Given its plethora of landscapes, it’s easy to see why Arran, the largest island in the Firth of Clyde, is regarded as a sort of Scotland in miniature. From fog-wreathed peaks to scenic coastal paths, it has something for everyone. And with Scotland’s ‘Big Five’ (seals, otters, red deer, golden eagles and red squirrels) all in residence, its wildlife is no less diverse. But there’s more to this jagged isle than crumbling cliffs and rare birds of prey — the Isle of Arran is also something of a gastronomical hub, boasting a proud community of artisans, restaurateurs and brewers. With a single A-road forming a loop around the island, a weekend getaway gives you the chance to experience everything Arran has to offer.
Travelling by ferry from the port of Ardrossan on the mainland takes just 55 minutes. You can hire a car near the ferry terminal, but to get a sense of the island before exploring on your own, visit the Isle of Arran Heritage Museum, a short walk from the terminal. Among its highlights, there’s a Bronze Age grave and a replica of a Viking ship, which was constructed on the island in the 13th century.
There’s an excellent lunch to be had at the Mara Fish and Deli (look out for the barbecue on Saturdays) where the owners source as much of their produce as possible from the waters surrounding Arran. From there, head south and around the island to the west coast, stopping for the short hike to the beautiful Glenashdale Falls en route.
Base yourself around Blackwaterfoot to see sensational sunsets dipping below Kintyre to the west. The walk from the village to Drumadoon Point is especially scenic at this time of day. The stand-out accommodation on this side of the island is the Kinloch.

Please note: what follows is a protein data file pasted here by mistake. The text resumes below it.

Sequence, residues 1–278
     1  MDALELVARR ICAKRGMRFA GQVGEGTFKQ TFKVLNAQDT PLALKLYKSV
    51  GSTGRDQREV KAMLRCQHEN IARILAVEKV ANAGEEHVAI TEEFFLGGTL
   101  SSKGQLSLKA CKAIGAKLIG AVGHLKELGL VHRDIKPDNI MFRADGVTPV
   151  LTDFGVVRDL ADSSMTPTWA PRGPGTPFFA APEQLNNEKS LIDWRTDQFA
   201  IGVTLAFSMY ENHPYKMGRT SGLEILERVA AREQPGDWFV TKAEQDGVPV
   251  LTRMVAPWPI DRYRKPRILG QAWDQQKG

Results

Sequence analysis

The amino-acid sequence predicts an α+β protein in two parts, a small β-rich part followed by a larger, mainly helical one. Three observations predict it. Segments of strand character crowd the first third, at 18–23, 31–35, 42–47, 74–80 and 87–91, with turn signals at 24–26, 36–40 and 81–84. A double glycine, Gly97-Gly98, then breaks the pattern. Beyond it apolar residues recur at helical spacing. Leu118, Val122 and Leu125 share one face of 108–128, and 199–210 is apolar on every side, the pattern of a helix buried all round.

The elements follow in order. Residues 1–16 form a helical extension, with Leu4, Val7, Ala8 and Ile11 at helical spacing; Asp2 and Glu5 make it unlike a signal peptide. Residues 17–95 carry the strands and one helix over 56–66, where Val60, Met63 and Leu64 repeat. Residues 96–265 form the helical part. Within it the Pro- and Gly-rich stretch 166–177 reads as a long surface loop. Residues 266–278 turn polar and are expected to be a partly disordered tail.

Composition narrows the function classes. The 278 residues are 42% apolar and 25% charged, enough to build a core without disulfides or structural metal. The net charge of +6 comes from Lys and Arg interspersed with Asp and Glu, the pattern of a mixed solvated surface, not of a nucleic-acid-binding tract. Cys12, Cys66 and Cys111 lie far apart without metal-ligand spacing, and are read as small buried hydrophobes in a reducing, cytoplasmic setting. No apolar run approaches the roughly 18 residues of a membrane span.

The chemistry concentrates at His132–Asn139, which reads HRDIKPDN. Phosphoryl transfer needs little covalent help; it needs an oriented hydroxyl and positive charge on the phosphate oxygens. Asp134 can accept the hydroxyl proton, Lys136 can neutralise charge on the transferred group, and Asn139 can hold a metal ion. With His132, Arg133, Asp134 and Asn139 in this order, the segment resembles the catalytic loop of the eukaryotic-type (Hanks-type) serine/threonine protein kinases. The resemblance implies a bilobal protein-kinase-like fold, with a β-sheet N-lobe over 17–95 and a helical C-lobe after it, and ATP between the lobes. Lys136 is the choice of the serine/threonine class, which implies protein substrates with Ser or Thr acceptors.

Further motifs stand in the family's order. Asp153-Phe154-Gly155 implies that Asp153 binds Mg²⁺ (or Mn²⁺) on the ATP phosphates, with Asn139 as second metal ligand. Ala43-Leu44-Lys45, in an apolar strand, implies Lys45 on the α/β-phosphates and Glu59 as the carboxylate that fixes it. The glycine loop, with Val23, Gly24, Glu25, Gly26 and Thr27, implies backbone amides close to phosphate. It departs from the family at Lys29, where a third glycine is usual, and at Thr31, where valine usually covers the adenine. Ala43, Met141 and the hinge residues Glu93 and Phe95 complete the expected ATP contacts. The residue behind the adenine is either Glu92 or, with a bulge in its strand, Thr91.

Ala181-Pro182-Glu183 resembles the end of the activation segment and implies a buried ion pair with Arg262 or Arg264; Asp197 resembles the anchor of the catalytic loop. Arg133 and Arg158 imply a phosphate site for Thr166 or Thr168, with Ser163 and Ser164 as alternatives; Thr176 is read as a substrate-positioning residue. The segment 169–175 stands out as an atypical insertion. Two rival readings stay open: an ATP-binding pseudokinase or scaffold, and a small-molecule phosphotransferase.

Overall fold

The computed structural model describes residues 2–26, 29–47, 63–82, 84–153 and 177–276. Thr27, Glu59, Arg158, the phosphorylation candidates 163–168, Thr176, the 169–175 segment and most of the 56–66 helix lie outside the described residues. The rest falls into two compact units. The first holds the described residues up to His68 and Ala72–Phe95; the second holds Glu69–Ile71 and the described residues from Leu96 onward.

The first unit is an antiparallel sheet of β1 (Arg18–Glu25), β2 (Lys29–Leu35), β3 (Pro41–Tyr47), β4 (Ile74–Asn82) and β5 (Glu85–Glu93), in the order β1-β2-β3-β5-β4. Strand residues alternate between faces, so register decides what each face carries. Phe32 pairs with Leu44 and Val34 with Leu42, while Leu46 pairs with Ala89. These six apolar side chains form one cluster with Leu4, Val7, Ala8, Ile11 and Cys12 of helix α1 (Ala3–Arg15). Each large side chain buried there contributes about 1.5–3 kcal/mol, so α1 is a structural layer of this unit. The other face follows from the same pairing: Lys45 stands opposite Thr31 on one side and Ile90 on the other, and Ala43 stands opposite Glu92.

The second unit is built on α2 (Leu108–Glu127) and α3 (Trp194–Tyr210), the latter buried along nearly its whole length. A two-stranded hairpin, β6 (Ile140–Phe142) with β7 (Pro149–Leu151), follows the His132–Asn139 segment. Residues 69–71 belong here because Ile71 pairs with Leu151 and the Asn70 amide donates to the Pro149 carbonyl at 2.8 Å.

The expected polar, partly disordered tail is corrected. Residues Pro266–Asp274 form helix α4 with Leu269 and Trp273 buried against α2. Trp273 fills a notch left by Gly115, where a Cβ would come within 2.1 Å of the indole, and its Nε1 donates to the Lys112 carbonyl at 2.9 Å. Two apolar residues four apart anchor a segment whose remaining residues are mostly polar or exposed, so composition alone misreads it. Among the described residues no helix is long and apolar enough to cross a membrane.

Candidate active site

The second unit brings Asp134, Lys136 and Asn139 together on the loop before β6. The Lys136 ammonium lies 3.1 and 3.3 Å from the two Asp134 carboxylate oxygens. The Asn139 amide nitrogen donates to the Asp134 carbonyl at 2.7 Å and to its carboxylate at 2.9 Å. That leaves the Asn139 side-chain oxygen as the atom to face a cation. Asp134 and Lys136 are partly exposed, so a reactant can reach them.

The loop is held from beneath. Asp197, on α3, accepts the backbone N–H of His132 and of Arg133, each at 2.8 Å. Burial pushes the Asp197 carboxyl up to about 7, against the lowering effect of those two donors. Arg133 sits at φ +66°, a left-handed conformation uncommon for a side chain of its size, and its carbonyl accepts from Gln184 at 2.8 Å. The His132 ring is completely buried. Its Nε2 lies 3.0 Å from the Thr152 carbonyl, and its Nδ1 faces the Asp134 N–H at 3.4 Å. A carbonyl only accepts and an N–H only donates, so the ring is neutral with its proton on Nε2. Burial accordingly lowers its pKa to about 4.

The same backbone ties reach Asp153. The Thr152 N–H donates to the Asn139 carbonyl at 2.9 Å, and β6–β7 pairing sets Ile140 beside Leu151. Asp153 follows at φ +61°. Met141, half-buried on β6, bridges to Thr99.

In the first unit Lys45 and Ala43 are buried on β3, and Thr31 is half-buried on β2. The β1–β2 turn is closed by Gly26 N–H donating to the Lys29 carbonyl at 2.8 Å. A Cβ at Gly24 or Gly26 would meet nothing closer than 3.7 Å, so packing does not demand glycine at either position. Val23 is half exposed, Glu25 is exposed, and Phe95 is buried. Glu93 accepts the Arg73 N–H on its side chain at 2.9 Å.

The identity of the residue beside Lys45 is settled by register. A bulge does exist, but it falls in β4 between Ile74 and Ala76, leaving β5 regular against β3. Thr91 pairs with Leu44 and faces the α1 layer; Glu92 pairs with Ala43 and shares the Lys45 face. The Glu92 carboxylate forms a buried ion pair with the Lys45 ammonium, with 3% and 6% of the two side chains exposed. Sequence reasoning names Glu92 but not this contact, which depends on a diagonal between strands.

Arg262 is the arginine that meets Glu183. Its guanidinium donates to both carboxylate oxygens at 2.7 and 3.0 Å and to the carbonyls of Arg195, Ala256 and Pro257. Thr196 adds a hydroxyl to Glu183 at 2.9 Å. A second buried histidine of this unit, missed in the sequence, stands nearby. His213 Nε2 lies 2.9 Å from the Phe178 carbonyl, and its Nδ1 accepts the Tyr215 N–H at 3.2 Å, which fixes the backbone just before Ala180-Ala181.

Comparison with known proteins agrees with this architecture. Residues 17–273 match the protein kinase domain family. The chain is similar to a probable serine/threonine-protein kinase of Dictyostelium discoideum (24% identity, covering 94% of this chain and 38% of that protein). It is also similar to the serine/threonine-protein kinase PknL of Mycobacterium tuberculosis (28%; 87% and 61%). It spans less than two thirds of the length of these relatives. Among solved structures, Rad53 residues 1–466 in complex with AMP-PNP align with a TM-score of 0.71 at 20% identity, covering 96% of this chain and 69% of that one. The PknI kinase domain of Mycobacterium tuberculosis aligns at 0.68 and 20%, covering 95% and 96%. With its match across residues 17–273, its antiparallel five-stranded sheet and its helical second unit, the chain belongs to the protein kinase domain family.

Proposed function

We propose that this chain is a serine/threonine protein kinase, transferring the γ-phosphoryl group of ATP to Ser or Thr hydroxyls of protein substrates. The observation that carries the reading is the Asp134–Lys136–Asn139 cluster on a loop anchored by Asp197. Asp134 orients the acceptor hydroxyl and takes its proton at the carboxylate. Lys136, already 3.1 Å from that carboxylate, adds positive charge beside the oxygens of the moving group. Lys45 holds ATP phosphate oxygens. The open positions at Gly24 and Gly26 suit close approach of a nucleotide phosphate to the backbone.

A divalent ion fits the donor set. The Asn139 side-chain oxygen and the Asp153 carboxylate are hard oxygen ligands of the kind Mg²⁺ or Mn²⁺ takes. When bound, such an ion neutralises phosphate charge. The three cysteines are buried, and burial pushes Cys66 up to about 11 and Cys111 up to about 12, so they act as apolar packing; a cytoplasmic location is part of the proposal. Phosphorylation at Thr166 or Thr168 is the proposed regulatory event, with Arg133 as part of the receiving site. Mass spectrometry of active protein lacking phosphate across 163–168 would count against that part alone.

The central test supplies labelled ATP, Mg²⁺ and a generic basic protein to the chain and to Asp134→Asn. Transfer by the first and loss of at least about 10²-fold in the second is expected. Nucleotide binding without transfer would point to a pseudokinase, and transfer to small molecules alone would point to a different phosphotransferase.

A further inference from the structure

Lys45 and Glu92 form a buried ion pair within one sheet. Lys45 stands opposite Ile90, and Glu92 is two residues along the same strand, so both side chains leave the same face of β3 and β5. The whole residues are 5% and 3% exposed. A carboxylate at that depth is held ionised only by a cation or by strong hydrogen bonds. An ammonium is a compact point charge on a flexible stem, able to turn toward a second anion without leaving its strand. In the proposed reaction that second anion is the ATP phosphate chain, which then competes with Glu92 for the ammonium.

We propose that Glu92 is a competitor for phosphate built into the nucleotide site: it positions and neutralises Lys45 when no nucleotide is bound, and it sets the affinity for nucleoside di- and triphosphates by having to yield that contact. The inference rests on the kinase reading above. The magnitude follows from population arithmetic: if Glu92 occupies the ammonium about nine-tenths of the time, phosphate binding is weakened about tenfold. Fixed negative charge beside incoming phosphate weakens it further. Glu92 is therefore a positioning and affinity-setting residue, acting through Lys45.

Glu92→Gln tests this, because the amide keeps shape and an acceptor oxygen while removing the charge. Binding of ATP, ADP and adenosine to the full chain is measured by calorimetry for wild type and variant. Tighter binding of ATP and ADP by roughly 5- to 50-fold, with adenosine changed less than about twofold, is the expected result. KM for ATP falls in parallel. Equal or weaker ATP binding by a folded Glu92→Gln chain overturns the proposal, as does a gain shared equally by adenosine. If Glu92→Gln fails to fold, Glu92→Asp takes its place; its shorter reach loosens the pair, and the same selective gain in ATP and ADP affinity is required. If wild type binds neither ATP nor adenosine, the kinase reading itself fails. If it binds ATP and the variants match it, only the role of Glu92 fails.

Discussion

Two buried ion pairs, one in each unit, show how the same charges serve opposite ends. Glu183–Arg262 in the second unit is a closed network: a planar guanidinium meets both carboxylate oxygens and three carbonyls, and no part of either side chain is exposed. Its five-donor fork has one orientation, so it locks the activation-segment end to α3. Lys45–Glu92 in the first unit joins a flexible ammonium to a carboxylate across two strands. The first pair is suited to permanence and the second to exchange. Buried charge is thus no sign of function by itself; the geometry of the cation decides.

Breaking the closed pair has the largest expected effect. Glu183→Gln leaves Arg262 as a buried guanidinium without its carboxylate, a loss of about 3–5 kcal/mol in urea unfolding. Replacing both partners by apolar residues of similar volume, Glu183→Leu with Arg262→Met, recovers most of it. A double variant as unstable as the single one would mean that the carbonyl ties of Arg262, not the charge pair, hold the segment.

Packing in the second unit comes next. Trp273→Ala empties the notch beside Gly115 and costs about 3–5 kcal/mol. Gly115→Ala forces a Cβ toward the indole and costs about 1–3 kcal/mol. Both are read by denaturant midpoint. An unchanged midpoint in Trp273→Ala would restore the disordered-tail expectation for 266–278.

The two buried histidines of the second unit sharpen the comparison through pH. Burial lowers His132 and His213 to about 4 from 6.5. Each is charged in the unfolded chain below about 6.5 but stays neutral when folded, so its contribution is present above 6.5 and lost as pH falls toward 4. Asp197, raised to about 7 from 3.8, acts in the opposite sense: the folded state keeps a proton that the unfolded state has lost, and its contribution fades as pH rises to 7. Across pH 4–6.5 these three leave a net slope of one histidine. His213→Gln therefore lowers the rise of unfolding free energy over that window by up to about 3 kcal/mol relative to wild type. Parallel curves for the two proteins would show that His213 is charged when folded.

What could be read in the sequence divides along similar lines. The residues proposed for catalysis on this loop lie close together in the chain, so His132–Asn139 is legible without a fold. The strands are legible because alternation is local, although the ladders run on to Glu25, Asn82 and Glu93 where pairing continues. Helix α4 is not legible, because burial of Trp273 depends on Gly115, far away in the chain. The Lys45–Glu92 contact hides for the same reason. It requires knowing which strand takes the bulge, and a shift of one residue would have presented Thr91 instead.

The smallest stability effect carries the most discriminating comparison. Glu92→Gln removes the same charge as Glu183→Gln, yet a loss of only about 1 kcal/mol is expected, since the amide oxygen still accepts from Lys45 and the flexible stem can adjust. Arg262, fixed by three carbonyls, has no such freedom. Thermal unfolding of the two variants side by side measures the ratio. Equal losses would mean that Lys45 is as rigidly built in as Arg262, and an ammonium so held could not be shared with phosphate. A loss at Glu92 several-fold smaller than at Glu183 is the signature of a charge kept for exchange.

Have an early start to get around Arran’s north coast and complete the circumnavigation of the island, perhaps stopping for a hearty brunch at Café Thyme near Machrie. From there, if you want to complete the loop of the island, it’ll be time to push on and all the way back round to Brodick Castle.
If the weather is fair, climbing Goat Fell is one of the most popular activities on the island. At 874 metres, it’s just short of being one of Scotland’s famous Munros, but is nonetheless one of the tallest mountains in southern Scotland and offers magnificent views across the Firth of Clyde from its peak.
Produce on Arran has been winning awards for several years now, but after a long, hard hike up and down Goat Fell, the ones you’ll perhaps crave are made in the local brewery — Isle of Arran beers are available around the country these days, but this is their home. For non-beer fans, nearby Arran Botanical Drinks will have you covered for gin and cassis.
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